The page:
Matthew: [swirling cream into his java]: I have to tell you, Ruby. We were recently in New York City and saw a new play called The Inheritance. It’s set in present day, but discusses the epidemic of the eighties quite extensively. [Matthew takes a sip of coffee.] There’s a beautiful monologue performed by one of the older characters, played by Paul Hilton, and it reduced me to puddles of tears. I’m so grateful this play is on Broadway right now. It’s telling an important story and helping us as gay men connect to our history.
Paul: It was a powerful experience, Ruby, and I left with tears in my eyes. [He takes a moment, as his striking aquamarine neon-blue eyes dampen.]

I’m glad you mentioned that, Matthew. I’m dying to see it. Yes, a theatrical event like this is dire not only for all of us, but for the younger gen to learn of this painful era. Speaking of the younger gen, when you came of age, having sex could mean death. How did that play out for you?
Matthew: I wasn’t scared, but was always cautious. I grew up understanding the importance of safe sex, and it never crossed my mind to do otherwise.
Paul: When I was a teenager I went to live with my aunt and uncle in a rural part of Canada. They were Evangelical Christians, and they had me baptized when I was fifteen.

Oh, Lordy me…[I smirk and raise my bold blue peepers skyward.]
Paul: At this time, I was fully aware of being gay but decided to keep it hidden until I was emancipated at eighteen. Celibacy during my teen years was a simple choice in a small town without other gays. When I turned eighteen and moved to San Francisco, I was extremely cautious and only had sex with my boyfriends. We always got tested first.

Smart boy. Tell me more about getting tested, like how old, what prompted you, and so on.
Paul: Well, I was nineteen. My first boyfriend took me to a clinic to get tested with him. I remember opting for the blood draw instead of the saliva test because I wanted my boyfriend to think I was tough! [He makes a childlike face, reminiscent of the vids I’ve seen where he plays this little boy, Nathan.] Even though I had never had sex before, I was still nervous waiting for the results! They came back clean and I was very relieved.
Matthew: I just felt like it was the right thing to do, like practicing safe sex. It’s all part of the same equation. I felt nervous going in to be tested for the first time, but those nerves were quickly assuaged when I got my results. Still, I think it’s normal to have some concern around it because practicing safe sex is not a guarantee.

You’re so right Matthew. I’ll repeat what you said: Practicing safe sex is not a guarantee you will not acquire HIV. [We all take a beat.] When you two met, how did you broach the subject of STIs? Did you test together?
Matthew: We were very open about it, Ruby! As for testing, Paul was living in Canada at the time and I was in Washington State. Even though we were forty minutes from each other, we got tested at the same time—but not in the same country! [My painted-on eyebrows arch and my lips smack.] Paul’s results actually came back faster than mine. We had a bit of contest to see whose would come back faster. I guess the Canadian medical system works quicker than ours!

Matthew aka The Shirtless Violinist

Endearing story. Take heed readers. Boys, what do you do when depression crops up?
Paul: Erm, that’s tough! When I was younger, I reached for something to dull the feeling—alcohol. Sober for five years, I’ve learned to accept the highs and lows as part of life. I ride the wave and simply do the next right thing. I’m also a big talker, so talking about my feelings with a therapist is extremely helpful and healing. [I nod enthusiastically.]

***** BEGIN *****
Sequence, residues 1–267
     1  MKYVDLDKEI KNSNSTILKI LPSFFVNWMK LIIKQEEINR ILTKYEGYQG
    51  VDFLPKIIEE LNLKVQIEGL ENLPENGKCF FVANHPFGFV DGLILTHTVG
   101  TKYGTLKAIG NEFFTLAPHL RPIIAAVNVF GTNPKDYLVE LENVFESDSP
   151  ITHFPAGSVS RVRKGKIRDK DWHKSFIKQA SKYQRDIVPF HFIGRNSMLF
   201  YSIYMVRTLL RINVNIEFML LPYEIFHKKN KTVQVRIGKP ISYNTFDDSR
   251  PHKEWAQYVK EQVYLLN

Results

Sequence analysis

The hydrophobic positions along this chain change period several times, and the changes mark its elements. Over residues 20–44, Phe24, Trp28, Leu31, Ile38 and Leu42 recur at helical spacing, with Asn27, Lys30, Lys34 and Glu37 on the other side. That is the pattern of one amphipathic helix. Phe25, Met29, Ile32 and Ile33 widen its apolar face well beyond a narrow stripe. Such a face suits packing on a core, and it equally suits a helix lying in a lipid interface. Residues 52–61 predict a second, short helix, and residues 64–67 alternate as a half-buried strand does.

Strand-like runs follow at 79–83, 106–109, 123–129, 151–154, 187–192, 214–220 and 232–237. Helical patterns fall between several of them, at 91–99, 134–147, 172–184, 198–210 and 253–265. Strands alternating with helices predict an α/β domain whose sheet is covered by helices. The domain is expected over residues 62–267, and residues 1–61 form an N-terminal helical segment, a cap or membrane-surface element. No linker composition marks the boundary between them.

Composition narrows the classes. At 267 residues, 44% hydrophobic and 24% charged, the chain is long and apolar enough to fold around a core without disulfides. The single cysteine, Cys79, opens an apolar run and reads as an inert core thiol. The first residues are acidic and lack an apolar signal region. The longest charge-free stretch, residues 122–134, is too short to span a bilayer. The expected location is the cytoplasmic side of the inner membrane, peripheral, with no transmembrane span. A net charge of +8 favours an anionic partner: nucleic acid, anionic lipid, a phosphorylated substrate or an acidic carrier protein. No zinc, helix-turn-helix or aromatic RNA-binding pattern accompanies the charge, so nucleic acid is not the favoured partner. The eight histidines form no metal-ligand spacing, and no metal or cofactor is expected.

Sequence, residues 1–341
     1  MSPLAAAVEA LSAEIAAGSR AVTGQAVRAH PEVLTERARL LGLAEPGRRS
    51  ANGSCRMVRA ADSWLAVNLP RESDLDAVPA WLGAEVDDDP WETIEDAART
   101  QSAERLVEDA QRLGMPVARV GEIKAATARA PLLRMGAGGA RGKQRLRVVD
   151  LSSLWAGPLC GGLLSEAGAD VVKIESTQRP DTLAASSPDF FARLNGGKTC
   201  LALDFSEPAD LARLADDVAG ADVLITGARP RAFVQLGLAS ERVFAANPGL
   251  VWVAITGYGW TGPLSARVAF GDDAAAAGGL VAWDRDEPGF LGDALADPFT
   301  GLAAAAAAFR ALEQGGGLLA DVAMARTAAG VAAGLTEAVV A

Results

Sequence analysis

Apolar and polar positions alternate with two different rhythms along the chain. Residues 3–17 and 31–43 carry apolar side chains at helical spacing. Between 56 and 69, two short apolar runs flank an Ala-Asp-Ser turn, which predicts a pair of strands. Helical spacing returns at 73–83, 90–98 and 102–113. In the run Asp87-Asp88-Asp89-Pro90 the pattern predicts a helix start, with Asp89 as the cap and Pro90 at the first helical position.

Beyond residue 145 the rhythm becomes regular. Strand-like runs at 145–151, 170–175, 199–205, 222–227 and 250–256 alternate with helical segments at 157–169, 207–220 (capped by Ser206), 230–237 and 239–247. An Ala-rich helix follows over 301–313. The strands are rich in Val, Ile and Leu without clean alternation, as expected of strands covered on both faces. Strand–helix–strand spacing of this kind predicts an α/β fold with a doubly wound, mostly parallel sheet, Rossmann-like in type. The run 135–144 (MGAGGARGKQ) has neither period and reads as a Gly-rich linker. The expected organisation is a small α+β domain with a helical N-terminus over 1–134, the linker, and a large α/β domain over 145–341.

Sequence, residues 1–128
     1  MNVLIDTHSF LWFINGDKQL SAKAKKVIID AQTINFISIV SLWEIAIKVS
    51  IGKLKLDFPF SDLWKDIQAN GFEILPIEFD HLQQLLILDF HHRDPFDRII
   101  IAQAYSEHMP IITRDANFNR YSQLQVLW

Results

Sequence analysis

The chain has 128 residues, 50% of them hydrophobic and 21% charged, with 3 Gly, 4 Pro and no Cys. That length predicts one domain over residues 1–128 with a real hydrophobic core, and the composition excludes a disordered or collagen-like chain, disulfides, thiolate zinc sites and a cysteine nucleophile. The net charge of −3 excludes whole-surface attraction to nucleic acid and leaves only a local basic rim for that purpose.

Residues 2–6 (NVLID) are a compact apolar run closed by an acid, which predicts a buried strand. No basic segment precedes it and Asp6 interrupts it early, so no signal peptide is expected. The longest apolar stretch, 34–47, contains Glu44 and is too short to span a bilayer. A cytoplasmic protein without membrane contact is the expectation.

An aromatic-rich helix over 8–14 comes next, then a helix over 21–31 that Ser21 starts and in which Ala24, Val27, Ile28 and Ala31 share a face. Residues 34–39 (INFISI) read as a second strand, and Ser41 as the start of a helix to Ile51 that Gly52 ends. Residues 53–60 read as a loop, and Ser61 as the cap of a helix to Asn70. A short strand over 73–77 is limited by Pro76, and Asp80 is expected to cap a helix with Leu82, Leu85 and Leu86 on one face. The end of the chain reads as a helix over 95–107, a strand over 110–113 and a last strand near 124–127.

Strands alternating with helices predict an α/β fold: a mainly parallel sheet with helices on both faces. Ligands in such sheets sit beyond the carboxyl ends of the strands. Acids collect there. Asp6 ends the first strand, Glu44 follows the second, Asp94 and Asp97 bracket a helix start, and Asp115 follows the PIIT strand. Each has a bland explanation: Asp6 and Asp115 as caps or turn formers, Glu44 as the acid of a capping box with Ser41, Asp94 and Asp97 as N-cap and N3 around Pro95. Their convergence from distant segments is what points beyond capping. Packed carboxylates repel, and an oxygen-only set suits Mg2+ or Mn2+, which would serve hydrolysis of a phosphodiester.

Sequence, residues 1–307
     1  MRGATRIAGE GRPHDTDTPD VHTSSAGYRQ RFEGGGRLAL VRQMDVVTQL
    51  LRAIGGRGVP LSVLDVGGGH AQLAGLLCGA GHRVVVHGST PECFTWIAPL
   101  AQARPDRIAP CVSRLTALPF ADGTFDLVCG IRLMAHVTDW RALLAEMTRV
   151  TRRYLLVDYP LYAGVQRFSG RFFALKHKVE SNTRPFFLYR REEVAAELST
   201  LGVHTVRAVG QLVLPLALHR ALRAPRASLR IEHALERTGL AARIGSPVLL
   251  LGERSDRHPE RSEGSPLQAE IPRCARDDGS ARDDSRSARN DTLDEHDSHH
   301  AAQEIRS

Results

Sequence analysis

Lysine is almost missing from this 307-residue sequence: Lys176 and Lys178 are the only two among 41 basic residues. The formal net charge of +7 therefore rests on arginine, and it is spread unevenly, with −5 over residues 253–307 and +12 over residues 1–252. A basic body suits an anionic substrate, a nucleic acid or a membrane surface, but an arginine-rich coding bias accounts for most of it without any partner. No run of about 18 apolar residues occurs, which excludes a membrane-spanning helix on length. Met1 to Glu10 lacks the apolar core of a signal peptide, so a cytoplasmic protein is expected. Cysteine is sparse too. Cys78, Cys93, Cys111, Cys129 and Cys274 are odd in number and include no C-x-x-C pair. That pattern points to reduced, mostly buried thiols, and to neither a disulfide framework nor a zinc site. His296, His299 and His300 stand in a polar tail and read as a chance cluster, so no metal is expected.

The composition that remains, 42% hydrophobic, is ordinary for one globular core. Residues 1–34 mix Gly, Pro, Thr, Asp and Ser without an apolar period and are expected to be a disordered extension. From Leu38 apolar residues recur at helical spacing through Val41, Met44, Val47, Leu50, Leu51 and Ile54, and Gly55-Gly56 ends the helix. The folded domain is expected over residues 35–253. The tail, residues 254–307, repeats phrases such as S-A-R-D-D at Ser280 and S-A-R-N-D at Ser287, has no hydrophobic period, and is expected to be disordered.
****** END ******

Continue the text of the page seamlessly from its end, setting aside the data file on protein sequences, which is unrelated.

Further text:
Matthew: Like an animated blue fish once told me, “Just keep swimming.” While I’ve never suffered from depression, when I’m feeling down I take time to process my emotions, but I don’t let it slow me down. I allow myself to feel the feelings, but like Elizabeth Gilbert writes in her book Big Magic, I don’t let the emotions take the steering wheel. I acknowledge them, but they sit in the backseat of the car. They’re not even allowed to touch the radio.

I… love…it! What a grand metaphor, Matthew. Name your favorite diva.
Matthew: Adele! [He calls out gently.] Her voice is beautiful and powerful.
Paul: [He shakes his head in accord.] I really admire Bette Midler. I love how she started out playing in bathhouses with Barry Manilow in the seventies. In college, a friend showed me Divine Madness, her live concert movie from 1980. It floored me! She’s a force!

[I breathlessly yell out] Paul, I saw that concert! It was performed in Pasadena! [There’s silence. I look around.] I know, I know, I don’t look that old. [Paul and Matthew grin.] Okay, pick a film you could watch over and over again.
Paul: Any Billy Wilder film…. [He instantly exclaims] Some Like It Hot!
Matthew: I have three: The Music Man, Casablanca, and Bringing Up Baby.

Marvelous. I wholeheartedly agree with each choice! Altruism seems to be in your DNA. Share about your participation with the HIV and AIDS community.
Matthew: When Paul was an artist in British Columbia, he donated paintings to several annual AIDS fundraisers in Vancouver. He also acted in a short PSA, which was broadcast on World AIDS Day several years ago.
Paul: Yes, it was about getting tested. It was a fun experience and I was honored to be part of it. [He pauses.] It’s important for both of us to raise awareness.

I like that M-O. [I briefly reflect.] What motivates you to give back?
Paul: In my boyhood, my mother always talked about the importance of helping people. Whether volunteering my time, money, or talents——it’s just in my bones. It makes me feel good about doing something for others. I’ll always do what I can.
Matthew: We both share the idea of doing your part to be of service to society. It doesn’t have to be big or grand, you can do it in small and unique ways. Imagine how our communities would flourish [Matthew halts then releases a lingering passionate exhale] …if everyone made a small effort.

Tune into Matthew here: Explore Paul’s work here:

Ruby Comer is an independent journalist from the Midwest who is happy to call Hollywood her home away from home. Reach her by e-mail at [email protected].